City folk fuel ‘Corner Gas’ stereotype

The rest of Canada holds the stereotype of Toronto that everyone from there thinks the city is the centre of the universe.

The rest of Canada holds the stereotype of Toronto that everyone from there thinks the city is the centre of the universe.

And that stereotype is held for good reason, because it’s absolutely true.

I never thought I had a particularly interesting background, as everyone I knew basically had the same one: Ukrainian with a rural upbringing.

Everyone I know had milked a cow or ridden a pig or been attacked by chickens at some point. But my stock rose considerably when I moved to Toronto; suddenly, I was interesting and exotic.

I can’t count the amount of times I mentioned I was from Saskatchewan, and got the breathless response: “Really?” Usually followed by: “Is it like Corner Gas?”

(Answer: more or less).

But the best part in that change of attitude was hearing their misconceptions about what exactly it’s like on the Prairies. They don’t know anything and it is fascinating.

I spent three summers working at the Foam Lake Visitor Centre. It looks like a log cabin and has indoor plumbing. My friend told me that she imagined it to be, and I quote, “A lemonade stand in the middle of a field.”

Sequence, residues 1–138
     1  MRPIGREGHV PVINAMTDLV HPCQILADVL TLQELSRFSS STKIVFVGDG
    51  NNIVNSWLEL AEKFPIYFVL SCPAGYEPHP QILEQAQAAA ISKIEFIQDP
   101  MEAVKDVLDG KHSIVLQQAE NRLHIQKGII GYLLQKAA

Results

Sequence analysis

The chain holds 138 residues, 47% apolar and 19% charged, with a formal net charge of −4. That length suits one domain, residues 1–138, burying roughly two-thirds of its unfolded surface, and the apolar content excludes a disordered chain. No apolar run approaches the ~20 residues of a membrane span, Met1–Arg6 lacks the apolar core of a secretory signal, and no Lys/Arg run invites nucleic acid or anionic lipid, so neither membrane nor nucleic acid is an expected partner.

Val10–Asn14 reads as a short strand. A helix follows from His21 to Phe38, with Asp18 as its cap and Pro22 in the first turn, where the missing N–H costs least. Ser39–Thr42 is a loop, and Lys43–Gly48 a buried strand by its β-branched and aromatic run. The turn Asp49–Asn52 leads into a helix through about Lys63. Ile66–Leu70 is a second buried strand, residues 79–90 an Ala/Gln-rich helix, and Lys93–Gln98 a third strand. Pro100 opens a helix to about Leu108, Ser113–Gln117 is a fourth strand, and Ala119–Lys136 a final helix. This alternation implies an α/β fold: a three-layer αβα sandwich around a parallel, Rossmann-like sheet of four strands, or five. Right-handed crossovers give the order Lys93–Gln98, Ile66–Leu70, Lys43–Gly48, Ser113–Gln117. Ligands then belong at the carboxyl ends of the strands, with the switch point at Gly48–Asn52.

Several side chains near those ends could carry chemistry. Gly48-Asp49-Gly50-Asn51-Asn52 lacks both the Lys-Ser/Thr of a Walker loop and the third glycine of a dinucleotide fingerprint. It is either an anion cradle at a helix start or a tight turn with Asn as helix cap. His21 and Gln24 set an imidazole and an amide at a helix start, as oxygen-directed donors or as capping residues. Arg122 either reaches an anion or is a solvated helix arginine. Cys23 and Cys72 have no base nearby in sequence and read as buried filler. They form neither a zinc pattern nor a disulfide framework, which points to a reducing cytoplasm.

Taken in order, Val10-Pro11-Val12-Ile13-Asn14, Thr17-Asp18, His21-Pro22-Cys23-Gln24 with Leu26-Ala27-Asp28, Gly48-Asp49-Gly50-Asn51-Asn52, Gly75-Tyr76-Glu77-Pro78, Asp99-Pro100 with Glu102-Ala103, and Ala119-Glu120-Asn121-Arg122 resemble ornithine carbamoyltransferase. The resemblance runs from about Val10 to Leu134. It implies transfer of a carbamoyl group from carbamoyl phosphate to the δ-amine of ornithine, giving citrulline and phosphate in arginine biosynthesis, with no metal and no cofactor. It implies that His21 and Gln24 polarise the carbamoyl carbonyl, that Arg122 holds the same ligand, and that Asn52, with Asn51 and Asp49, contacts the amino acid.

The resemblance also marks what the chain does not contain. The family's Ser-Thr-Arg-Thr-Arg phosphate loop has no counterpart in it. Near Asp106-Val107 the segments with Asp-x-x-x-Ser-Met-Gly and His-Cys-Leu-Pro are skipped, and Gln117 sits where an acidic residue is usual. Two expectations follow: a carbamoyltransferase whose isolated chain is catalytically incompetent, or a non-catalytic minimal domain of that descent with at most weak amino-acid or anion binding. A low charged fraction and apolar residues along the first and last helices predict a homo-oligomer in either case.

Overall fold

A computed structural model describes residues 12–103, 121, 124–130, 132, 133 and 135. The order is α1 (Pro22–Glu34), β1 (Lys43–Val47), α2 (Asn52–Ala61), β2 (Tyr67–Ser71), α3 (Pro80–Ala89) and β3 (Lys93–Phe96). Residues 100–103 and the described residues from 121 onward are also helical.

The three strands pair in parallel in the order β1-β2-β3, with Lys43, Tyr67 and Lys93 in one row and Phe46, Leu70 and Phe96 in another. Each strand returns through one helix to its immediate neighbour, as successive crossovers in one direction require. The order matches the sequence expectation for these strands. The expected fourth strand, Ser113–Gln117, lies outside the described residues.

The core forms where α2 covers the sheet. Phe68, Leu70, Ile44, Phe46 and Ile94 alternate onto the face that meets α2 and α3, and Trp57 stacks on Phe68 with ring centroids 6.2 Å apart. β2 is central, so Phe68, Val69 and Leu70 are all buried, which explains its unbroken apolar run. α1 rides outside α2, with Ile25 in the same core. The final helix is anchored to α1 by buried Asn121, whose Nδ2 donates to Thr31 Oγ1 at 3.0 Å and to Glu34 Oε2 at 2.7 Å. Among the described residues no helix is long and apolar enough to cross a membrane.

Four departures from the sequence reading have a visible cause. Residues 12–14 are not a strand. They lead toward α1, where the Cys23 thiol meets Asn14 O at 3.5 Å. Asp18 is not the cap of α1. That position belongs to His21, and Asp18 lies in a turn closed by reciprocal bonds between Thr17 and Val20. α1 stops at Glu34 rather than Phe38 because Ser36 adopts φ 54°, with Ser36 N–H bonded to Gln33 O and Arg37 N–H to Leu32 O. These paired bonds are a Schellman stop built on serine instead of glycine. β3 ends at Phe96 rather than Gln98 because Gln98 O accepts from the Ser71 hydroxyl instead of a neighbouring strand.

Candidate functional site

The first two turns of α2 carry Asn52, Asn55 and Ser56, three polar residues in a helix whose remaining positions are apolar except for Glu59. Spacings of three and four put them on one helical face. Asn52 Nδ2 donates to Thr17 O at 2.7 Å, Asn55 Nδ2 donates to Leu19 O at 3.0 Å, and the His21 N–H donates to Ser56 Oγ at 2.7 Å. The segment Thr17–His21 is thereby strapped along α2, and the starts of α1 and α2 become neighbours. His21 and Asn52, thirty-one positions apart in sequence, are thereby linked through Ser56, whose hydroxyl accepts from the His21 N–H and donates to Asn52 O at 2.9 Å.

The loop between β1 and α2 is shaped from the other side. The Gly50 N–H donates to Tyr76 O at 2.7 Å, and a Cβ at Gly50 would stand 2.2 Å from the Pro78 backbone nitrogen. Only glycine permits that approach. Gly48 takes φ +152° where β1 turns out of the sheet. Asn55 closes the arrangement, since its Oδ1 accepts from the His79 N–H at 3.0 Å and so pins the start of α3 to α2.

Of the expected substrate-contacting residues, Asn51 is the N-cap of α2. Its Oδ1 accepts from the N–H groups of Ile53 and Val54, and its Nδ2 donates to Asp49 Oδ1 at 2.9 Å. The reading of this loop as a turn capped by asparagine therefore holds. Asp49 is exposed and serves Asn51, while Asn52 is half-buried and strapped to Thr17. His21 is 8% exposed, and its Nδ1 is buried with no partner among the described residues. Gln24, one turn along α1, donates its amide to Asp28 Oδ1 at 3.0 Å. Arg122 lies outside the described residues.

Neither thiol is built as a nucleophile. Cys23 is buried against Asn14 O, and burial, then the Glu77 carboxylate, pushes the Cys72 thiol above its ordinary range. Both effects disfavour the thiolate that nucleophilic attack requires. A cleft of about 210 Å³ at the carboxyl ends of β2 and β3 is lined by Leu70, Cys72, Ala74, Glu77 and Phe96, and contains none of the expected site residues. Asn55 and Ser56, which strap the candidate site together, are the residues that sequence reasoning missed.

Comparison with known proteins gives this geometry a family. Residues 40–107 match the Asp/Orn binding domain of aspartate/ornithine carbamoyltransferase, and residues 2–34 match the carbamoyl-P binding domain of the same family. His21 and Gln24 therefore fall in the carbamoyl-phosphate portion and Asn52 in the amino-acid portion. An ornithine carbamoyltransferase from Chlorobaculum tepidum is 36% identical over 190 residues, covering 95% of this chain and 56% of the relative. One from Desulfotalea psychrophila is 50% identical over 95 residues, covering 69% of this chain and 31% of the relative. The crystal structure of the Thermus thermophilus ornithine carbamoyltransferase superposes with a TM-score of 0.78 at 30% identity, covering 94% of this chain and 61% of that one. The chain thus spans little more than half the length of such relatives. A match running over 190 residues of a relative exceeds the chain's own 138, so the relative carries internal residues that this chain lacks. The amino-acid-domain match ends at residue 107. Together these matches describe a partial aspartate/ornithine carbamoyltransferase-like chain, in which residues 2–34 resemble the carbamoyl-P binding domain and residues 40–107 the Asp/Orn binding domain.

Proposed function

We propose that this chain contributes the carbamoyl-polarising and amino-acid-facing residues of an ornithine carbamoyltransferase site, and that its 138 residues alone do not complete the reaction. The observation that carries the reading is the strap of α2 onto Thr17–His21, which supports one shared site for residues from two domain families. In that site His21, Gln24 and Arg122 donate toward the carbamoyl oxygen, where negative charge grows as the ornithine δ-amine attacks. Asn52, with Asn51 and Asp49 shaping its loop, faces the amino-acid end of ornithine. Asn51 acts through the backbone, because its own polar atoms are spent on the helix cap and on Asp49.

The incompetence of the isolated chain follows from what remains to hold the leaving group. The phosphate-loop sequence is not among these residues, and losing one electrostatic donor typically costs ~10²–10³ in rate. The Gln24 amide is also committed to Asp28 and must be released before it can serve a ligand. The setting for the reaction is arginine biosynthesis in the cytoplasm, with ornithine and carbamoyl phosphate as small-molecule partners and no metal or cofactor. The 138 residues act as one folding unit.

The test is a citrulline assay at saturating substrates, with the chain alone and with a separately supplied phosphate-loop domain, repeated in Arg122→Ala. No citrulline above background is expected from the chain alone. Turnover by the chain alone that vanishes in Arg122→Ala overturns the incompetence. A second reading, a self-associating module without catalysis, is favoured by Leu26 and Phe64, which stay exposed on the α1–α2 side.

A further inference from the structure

I had to tell her that we do have modern buildings and roads and indoor plumbing. Which reminds me of another conversation I had with an acquaintance:

Me (joking): “Oh, we don’t have running water in Saskatchewan.”

Her (in disbelief): “Really?”

They believe anything I say. It’s sort of like being a god.

My stories always get way more of a reaction when the listener has no frame of reference. For example, I’ve told the story of how I repeatedly got attacked by a rooster before my parents were forced to assassinate it many times, but only the Torontonians really appreciate it.

And there are things that I take for granted people know, and then realize that city people don’t.

My friend and I were trying to find an event she was covering for school. We got off the streetcar and knew we had to go east, but we weren’t sure which direction that was.

So I mentioned offhandedly that I would figure it out from the position of the sun. My friend’s response was to look at me incredulously and ask, “Are you a pioneer?”

It didn’t occur to me that it wasn’t a universal thing.

I’ve also been asked, “How did you get around without the subway?” (“We have these things called cars…”), “Have you tipped a cow?” (“No, no, no, stop asking me that”), and “What did you possibly do for fun?”

They give me weird looks when I tell them we pretty much just rode goats and touched electric fences.

Of course, there are some things I missed out on growing up on a farm.

But my Toronto friends will likely never know the rush that comes from riding around in the back of a truck and burning flax stubble with a blowtorch.

And I think that alone makes it worth it.